Friday Book Friends: Book Beginnings on Fridays, The Friday 56, and Book Blogger Hop 

I've been intending to join into these fun book memes for many years, and I finally got around to trying these out on the Fridays in December.  I plan to continue participating in 2023.


Encyclopedia of an Ordinary Life: A Memoir: Rosenthal, Amy Krouse:  8580001353500: Amazon.com: Books

Today's Featured Book 

Encyclopedia of an Ordinary Life by Amy Krouse Rosenthal

Genre: Memoir

Published: January 25, 2005

Page Count: 240 pages

Summary: 

How do you conjure a life? Give the truest account of what you saw, felt, learned, loved, strived for? 

For Amy Krouse Rosenthal, the surprising answer came in the form of an encyclopedia. In Encyclopedia of an Ordinary Life,  she has ingeniously adapted this centuries-old format for conveying knowledge into a poignant, wise, often funny, fully realized memoir.
 
Using mostly short entries organized from A to Z, many of which are cross-referenced, Rosenthal captures in wonderful and episodic detail the moments, observations, and emotions that comprise a contemporary life. Start anywhere—preferably at the beginning—and see how one young woman’s alphabetized existence can open up and define the world in new and unexpected ways.
 
An ordinary life, perhaps, but an extraordinary book.




 


BOOK BEGINNINGS ON FRIDAY is hosted by Rose City ReaderWhat book are you happy about reading this week? Please share the opening sentence (or so) on BOOK BEGINNINGS ON FRIDAY! Add the link to your blog or social media post and visit other blogs to see what others are reading.

Happy Friday and welcome to the FIRST LINE FRIDAY, hosted by Reading is My Superpower! It’s time to grab the book nearest to you and leave a comment with the first line.


"I was not abused, abandoned, or locked up as a child. My parents were not alcoholics, nor were they ever divorced or dead. We did not live in poverty, or in misery, or in an exotic country. I am not a misunderstood genius, a former child celebrity, or the child of a celebrity. I am not a drug addict, sex addict, food addict, or recovered anything. If I indeed had a past life, I have no recollection of who I was. 

I have not survived against all odds.

I have not lived to tell.

I have not witnessed the extraordinary.

This is my story.

                                                        ---Amy Krouse Rosenthal, age 39

                                                                                                Chicago

                                                                                             June 2004"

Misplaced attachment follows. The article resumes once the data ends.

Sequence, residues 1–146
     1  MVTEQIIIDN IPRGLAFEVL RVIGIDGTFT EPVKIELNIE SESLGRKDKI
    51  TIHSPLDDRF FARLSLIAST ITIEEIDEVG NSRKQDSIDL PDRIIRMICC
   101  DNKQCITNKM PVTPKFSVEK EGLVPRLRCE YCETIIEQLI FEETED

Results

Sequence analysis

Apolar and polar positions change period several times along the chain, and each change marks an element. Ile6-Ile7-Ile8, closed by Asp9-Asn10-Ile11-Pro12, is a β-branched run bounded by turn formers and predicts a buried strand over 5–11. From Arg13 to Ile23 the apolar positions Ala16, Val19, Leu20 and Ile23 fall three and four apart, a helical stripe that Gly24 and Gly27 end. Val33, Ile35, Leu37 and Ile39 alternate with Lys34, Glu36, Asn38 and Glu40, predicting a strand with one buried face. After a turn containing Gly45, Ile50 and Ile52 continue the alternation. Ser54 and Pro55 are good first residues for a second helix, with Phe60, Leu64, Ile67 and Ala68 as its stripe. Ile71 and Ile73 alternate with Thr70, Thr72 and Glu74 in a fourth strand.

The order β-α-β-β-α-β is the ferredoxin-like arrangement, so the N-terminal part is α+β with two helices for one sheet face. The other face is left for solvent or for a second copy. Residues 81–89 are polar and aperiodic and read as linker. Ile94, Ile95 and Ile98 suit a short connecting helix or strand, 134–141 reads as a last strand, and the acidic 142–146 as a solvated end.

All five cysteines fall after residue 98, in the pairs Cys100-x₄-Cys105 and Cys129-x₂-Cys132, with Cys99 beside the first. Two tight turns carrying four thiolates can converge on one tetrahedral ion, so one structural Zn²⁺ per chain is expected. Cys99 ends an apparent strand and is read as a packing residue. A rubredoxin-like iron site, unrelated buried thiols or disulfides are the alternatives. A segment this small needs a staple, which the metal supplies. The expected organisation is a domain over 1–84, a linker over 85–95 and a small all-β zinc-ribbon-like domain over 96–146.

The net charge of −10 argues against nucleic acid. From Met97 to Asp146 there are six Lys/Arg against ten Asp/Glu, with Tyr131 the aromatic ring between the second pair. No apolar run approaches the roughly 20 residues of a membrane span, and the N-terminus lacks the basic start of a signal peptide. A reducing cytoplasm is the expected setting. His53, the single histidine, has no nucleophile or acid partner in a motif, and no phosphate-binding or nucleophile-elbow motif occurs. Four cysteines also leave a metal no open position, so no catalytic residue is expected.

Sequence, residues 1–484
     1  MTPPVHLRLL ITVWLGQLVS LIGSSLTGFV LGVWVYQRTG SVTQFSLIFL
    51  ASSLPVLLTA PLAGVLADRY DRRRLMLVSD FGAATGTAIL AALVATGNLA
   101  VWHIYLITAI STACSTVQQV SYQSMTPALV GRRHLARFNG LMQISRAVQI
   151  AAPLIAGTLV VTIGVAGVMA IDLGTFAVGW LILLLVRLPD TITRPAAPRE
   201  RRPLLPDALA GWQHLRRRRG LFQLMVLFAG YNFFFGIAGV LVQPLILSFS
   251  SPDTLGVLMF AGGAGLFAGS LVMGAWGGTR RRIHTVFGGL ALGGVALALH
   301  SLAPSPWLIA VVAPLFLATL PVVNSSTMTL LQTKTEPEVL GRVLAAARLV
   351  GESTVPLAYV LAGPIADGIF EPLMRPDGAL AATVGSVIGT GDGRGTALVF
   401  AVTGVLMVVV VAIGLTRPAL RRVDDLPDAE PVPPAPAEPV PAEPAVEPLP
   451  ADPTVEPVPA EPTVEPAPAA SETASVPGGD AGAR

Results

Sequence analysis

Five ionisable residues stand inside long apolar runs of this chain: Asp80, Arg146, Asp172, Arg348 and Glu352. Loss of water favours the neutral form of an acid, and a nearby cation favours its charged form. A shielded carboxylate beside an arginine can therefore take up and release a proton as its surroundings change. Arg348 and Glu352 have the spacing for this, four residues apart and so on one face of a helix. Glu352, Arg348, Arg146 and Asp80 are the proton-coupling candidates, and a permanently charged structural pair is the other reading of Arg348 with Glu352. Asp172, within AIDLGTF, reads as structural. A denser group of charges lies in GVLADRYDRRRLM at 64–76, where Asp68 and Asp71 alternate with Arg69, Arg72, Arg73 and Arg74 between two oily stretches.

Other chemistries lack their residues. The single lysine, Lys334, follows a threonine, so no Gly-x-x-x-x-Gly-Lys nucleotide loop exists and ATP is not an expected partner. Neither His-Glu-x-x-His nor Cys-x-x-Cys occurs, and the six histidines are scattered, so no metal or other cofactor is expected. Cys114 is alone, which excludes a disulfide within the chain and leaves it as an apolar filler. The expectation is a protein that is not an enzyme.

THE FRIDAY 56 is hosted by Freda's Voice. To play, open a book and turn to page 56 (or 56% on your e-reader). Find a sentence or two and post them, along with the book title and author. Then link up on Freda's Voice and visit others in the linky. 




My Review of Encyclopedia of an Ordinary Life


REVIEW

I've read and reviewed 6,846 books at Goodreads (as of today) and this book is probably #13 or #14 on my list of my very favorite reads ever. I'd give it ten zillion ✩✩✩✩✩✩✩s, if I could. Encyclopedia of an Ordinary Life is a memoir, and it's a kind of a picture book for grownups, and it's a history book for those of us of-a-certain-age, and it's a book that is full of Very Wise Thoughts. 

Amy was actually the Goddess of Creativity...Creativity dripped out of her fingers every time she wrote and it spilled out of her mouth every time she spoke and it surged from her body every time she moved. 

"Make the most of your time here," she told us, almost as if she knew something was in route for her before the doctors did.

So, okay, this isn't much of a review, but, hey, I honestly just lead a rather ordinary life myself. Still, I'd urge you to grab a bit of that life-force that was AKR and read this book. And then watch her little TED talks and view her little videos and you might even read her picture books. And then GO...GO AND MAKE THE MOST OF YOUR TIME HERE.

 





A Little More About Amy Krouse Rosenthal...


Amy died in 2017. She was 51. She had ovarian cancer. She wrote lots of my favorite books including Encyclopedia of an Ordinary Life for grownups, but she also wrote lots of my favorite books for children including Little Pea and Yes Day. She also created lots of wonderful interactive celebrations (take a look at some here). I was delighted to meet her several times at author events. Here is the last photo I took of her. She was autographing her most recent book, Textbook Amy Rosenthal:








The purpose of THE BOOK BLOGGER HOP is to give bloggers a chance to follow other blogs, learn about new books, and befriend other bloggers. THE BOOK BLOGGER HOP is hosted by Ramblings of a Coffee Addicted Writer   


January 27th - Feb. 2nd - Do you prefer to read in a quiet or noisy setting? (submitted by Billy @ Coffee Addicted Writer)

That's easy.....VERY, VERY, VERY QUIET. Please do not come into the room and disturb me. There should be no sounds coming from the tv or computer. QUIET. COMPLETELY QUIET.